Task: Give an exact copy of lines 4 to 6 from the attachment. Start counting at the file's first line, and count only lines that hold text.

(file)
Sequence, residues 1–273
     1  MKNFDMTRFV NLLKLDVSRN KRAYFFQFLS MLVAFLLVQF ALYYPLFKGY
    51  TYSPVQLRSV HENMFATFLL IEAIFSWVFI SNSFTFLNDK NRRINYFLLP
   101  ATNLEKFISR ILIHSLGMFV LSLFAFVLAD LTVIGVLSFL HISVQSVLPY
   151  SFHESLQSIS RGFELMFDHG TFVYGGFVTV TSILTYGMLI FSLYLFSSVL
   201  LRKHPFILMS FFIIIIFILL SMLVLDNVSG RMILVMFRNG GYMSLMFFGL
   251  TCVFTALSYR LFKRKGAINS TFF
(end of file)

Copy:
   101  ATNLEKFISR ILIHSLGMFV LSLFAFVLAD LTVIGVLSFL HISVQSVLPY
   151  SFHESLQSIS RGFELMFDHG TFVYGGFVTV TSILTYGMLI FSLYLFSSVL
   201  LRKHPFILMS FFIIIIFILL SMLVLDNVSG RMILVMFRNG GYMSLMFFGL